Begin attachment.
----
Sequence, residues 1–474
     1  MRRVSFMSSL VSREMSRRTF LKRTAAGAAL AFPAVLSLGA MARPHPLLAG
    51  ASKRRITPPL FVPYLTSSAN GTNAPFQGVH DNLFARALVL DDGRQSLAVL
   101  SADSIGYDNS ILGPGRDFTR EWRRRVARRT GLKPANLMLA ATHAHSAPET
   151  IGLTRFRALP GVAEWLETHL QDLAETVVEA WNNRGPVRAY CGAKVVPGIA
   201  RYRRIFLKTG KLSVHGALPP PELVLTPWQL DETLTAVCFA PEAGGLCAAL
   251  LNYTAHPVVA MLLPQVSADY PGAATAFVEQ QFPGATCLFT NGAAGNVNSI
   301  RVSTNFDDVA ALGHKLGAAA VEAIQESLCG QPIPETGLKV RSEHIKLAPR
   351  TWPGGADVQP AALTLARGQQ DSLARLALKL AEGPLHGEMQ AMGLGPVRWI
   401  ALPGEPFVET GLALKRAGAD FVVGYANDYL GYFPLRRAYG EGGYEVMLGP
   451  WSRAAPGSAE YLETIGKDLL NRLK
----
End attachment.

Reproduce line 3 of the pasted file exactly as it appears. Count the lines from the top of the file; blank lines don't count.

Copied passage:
    51  ASKRRITPPL FVPYLTSSAN GTNAPFQGVH DNLFARALVL DDGRQSLAVL